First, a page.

About Arabs, Numbers and Democracy: How do Arabs Really Feel About U.S. Policy in the Middle East?

By Michael Meunier and Nir Boms

In the Arab world, where divergent opinions are almost as rare as changes in leadership, and where free speech is a luxury enjoyed only by a precious few, public opinion polls tend to have interesting results. For example, the Arab-American Institute, a Washington-based think tank, recently conducted a poll that revealed an overwhelming majority of Arabs hold unfavorable views of the United States. While the results of the poll were not surprising, especially given the ongoing situation in Iraq, the motives behind it were extremely questionable.

 The poll was conducted by Zogby International, an organization headed by John Zogby (brother of James Zogby, president of the Arab-American Institute), and was conducted in six countries: Morocco, Egypt, Saudi Arabia, United Arab Emirates, Jordan, and Lebanon. Out of the approximately 146 million residents in those countries, Zogby’s poll sampled 3,300 individuals.

The results of the Zogby poll imply that only drastic U.S policy changes will serve to gratify the Arabs. Further, they exonerate the Arab media from any role in the creation of unfavorable views of the U.S. and its policies in the Middle East. For example, according to Zogby’s poll, only 20% of all Lebanese are supporters of U.S. foreign policy. Yet, we know that an overwhelming majority of Lebanese agree with the U.S. policy calling for an immediate withdrawal of Syrian forces from Lebanon. 

 Results of the poll also find a meager 2 % of Egyptians in favor of the U.S. But statistics from the U.S. Copts Association (the Christian Copts represent about 15-19% of Egypt’s population, or 12-15 million inhabitants)  reveal that approximately 85% of the country’s Copts are in favor of the U.S. and its foreign policy. The Copts, who have long suffered discrimination and persecution under Hosni Mubarak’s regime are not the only ones who  welcome President Bush’s call for democracy and reforms in the Middle East. The Egyptian Nobel prize-winning novelist Neguib Mahfouz expressed similar sentiments in a recent column published in a Cairo when he warned that any reversion by the United States to the policy of supporting the status quo will be “a setback for democracy in the region”. Mahfouz believes that Bush is right in his diagnosis that lack of democracy breeds terrorism in the Middle East.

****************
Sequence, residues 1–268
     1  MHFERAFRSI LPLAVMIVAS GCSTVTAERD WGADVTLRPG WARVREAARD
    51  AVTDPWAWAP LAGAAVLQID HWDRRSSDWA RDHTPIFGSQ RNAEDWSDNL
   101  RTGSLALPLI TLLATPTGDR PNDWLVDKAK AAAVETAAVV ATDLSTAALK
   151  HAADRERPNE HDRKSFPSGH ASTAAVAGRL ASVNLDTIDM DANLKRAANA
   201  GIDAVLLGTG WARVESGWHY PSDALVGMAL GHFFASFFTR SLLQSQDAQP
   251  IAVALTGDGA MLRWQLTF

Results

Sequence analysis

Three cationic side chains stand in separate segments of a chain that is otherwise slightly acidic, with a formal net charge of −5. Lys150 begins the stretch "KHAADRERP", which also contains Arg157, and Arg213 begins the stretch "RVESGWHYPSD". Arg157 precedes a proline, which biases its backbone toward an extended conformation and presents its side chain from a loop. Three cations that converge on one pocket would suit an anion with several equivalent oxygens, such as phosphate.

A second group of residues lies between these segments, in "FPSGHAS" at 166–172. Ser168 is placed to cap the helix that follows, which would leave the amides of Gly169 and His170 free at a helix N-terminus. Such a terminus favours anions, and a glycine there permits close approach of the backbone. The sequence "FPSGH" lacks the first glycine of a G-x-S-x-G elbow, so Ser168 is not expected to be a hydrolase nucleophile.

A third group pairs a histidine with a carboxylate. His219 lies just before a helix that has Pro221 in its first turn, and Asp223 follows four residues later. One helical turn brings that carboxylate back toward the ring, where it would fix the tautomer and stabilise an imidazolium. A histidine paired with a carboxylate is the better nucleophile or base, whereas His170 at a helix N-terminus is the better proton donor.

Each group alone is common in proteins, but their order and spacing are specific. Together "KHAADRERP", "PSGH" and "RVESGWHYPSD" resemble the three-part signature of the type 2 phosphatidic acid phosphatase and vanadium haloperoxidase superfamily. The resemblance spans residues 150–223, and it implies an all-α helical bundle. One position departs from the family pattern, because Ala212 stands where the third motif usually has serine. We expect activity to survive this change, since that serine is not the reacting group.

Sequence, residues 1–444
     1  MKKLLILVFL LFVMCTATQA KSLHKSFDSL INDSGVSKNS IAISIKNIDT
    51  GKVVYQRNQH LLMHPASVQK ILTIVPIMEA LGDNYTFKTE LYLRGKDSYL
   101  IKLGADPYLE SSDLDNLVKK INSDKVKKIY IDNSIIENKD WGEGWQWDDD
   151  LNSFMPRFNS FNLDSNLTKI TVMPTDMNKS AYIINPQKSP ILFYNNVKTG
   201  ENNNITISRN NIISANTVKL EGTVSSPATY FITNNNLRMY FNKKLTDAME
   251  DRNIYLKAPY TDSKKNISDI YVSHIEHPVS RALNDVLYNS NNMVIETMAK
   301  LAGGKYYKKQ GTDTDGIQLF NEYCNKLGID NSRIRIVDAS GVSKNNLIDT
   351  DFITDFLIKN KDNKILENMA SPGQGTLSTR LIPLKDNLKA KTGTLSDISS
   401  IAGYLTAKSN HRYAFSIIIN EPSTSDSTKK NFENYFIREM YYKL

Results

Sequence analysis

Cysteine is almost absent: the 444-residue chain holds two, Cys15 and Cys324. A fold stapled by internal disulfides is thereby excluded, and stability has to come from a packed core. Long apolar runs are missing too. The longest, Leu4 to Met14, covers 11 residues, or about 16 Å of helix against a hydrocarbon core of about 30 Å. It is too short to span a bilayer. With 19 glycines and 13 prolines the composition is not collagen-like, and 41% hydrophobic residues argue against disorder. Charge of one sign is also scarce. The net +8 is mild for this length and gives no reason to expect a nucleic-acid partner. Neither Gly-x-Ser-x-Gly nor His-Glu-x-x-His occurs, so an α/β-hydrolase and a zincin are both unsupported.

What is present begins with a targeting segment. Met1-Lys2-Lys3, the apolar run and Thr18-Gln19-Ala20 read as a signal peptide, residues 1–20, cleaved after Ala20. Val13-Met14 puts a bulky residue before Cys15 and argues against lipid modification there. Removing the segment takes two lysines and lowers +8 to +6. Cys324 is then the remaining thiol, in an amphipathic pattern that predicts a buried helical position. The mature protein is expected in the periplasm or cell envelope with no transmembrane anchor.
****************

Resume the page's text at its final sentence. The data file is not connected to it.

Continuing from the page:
Zogby’s manipulation of data comes as no surprise. Both he and the Arab-American Institute-operated by his brother-have expressed clear disagreement with the Bush administration over its policies in the Middle East and have openly supported John Kerry for president.  Their message is clear: change in the White House will lead to change in U.S. foreign policy, which will in turn appease the Arabs. For example, in a September 2004 article entitled “Don’t Blame the Arab Media,” Zogby asserts that “as long as U.S. policy in the region remains as it is, these public diplomacy efforts are, at best, fingers plugging holes in a leaking dyke.”